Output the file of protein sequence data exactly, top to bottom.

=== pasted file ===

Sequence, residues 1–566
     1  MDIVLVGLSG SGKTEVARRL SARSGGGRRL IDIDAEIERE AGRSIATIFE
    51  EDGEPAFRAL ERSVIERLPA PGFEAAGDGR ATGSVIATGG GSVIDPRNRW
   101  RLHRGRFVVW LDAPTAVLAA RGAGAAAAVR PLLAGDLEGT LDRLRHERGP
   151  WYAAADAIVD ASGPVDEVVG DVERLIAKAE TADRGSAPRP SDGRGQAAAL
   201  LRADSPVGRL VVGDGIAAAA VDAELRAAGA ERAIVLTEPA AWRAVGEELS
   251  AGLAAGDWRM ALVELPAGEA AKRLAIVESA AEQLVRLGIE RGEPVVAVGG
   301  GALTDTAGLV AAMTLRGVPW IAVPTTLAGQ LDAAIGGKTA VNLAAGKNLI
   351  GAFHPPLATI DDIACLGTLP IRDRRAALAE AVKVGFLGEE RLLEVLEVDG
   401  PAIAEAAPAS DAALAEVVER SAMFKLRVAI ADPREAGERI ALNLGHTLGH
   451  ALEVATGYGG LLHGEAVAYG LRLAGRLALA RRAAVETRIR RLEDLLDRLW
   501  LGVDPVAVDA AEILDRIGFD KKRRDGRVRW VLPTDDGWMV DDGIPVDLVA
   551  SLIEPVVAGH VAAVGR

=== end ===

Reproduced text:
Sequence, residues 1–566
     1  MDIVLVGLSG SGKTEVARRL SARSGGGRRL IDIDAEIERE AGRSIATIFE
    51  EDGEPAFRAL ERSVIERLPA PGFEAAGDGR ATGSVIATGG GSVIDPRNRW
   101  RLHRGRFVVW LDAPTAVLAA RGAGAAAAVR PLLAGDLEGT LDRLRHERGP
   151  WYAAADAIVD ASGPVDEVVG DVERLIAKAE TADRGSAPRP SDGRGQAAAL
   201  LRADSPVGRL VVGDGIAAAA VDAELRAAGA ERAIVLTEPA AWRAVGEELS
   251  AGLAAGDWRM ALVELPAGEA AKRLAIVESA AEQLVRLGIE RGEPVVAVGG
   301  GALTDTAGLV AAMTLRGVPW IAVPTTLAGQ LDAAIGGKTA VNLAAGKNLI
   351  GAFHPPLATI DDIACLGTLP IRDRRAALAE AVKVGFLGEE RLLEVLEVDG
   401  PAIAEAAPAS DAALAEVVER SAMFKLRVAI ADPREAGERI ALNLGHTLGH
   451  ALEVATGYGG LLHGEAVAYG LRLAGRLALA RRAAVETRIR RLEDLLDRLW
   501  LGVDPVAVDA AEILDRIGFD KKRRDGRVRW VLPTDDGWMV DDGIPVDLVA
   551  SLIEPVVAGH VAAVGR